Davies Hall, San Francisco
Friday, February 27, 2015
The San Francisco Symphony
Michael Tilson Thomas, conducting
Anne-Sophie Mutter, violin
John Luther Adams – The Light That Fills the World (1998)
Brahms – Violin Concerto in D major, Opus 77 (1878)
Schumann – Symphony No. 1 in B-Flat major, Opus 38, Spring (1841)
This week’s program at Davies Hall had a split personality. Young contemporary music specialist Christian Baldini was onstage to lead the opening work, The Light That Fills the World, by Alaska composer J. L. Adams. Michael Tilson Thomas then conducted the San Francisco Symphony in the Brahms concerto and Schumann symphony.
At the outset, on a darkly lit stage, were to be found only five instruments: a portative organ, vibraphone, contrabassoon, bass and violin. MTT delivered an amusing talk, introducing Baldini and caricaturing various minimalist composers such as Reich and Glass, while including J. L. Adams in their number. It made one realize that one’s reaction to minimalism has a lot to do with just which sounds are being maximally minimized and repeated. From the assembled instrumentation, it was clear the music would feature rich low sonorities, and indeed this was the case. The Adams piece turned out to be an inspired choice for anyone who loves, as I do, the sort of slow-moving and resonant chords found in Ives or Sibelius. The small instrumental group was well-chosen and sensitively by Baldini led to fill the hall with softly quivering sound.
The title of Adams’ piece is meant to suggest a first stirring of spring in the frozen north, the appearance of a different sort of light, almost the sun-on-snow equivalent of tropical haze. And the piece is indeed evocative of just that—if one is told. But of course, the Achilles heel of program music, as Hanslick pointed out a hundred and fifty years ago, is that musical description is never precise. So I spent a certain amount of time fighting my own imagination, hearing the sounds as an underwater world or tropical shimmer. Be that as it may, the piece was enjoyable and reminded one how nicely the contrabassoon can be made to purr. Like many such works featuring stasis, it was a bit too long. But then that is perhaps the point. Its journey is meant to lull and evoke. One listener may be lost in imagination, another on the cusp of impatience or sleep.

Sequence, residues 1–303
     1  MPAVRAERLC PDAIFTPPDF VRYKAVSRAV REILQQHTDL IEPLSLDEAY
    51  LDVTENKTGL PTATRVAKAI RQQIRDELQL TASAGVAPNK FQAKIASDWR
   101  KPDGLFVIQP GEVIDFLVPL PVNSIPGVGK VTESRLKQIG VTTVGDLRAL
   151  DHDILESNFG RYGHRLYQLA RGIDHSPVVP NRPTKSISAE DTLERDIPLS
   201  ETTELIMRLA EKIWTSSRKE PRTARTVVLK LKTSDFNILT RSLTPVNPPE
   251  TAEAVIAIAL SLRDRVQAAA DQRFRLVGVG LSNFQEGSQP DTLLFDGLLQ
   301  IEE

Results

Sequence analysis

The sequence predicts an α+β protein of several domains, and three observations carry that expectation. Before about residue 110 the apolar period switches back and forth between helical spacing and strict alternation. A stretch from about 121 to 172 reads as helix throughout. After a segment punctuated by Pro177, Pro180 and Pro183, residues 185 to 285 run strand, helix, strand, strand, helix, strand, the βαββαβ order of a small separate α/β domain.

I expect the impatience may be my fault, since I feel the same way about the Brahms Violin Concerto as a piece of music. Kill the messenger, but it strikes me as an awkwardly composed work, especially the first movement. The various interjections of the orchestra are not beautiful, moment for moment, and I always sense Brahms would rather have had a piano than a violin at the center of it.
Matters were not helped by Anne-Sophie Mutter’s slow and intensively deconstructive approach. Mutter arrived onstage in a stunning yellow strapless dress. And her walk to center stage was voluptuous, womanly, and knowing. But the performance was more fanatical than warm and more scrapey then seductive. She simply took the piece apart, at a slow tempo which left the orchestra huffing and puffing in an attempt to sustain the arc of tension. Her cadenza was elaborate and personal—and though long—beautifully suited to the strands of music she pulled together to make it work. But only in the Hungarian finale did I sense the concerto was really allowed to let go. It was breathlessly fast and violent, with just the right ritards at the tuttis. The audience was carried away to genuine enthusiasm.
Following intermission, MTT took the stage for the Schumann Spring symphony. I was happy to see the full orchestra present and no attempt made to imbue the piece with “early music” phrasing. It was a good, big, joyous performance, featuring highly energized timpani. The first movement was perhaps a bit slower than I would like, but MTT was emphatic where needed, whipping from side to side, as he does when happy. He captured beautifully the romantic “extra” melody at the end of it.
I do notice that MTT now presides as much as he conducts. He saves intensity for moments of emphasis, but otherwise barely beats time. This happens often as conductors get older—a sort of benevolence at the podium takes over from youthful intensity. And they start to get slower. One merely hopes it won’t be accompanied, as it sometimes is, by the egotistical sense that one is an institution and can put everything across at half speed. Marlon Brando got that way as he aged—long pauses between words. But it just seemed a childish attempt to keep the camera on himself. Elderly conductors are rightly revered for their insight. But the best among them know not to kill the music with kindness…..